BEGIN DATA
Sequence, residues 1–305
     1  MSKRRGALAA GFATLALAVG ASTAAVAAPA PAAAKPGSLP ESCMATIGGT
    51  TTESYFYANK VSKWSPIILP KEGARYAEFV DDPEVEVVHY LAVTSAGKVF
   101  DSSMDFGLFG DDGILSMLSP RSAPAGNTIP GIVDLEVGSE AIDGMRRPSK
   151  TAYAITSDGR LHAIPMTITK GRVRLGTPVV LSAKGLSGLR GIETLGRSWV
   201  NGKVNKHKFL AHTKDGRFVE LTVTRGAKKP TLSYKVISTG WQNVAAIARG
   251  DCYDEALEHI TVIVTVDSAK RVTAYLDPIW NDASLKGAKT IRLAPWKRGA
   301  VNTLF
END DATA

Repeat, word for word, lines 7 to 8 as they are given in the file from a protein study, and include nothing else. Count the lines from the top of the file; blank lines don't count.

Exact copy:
   251  DCYDEALEHI TVIVTVDSAK RVTAYLDPIW NDASLKGAKT IRLAPWKRGA
   301  VNTLF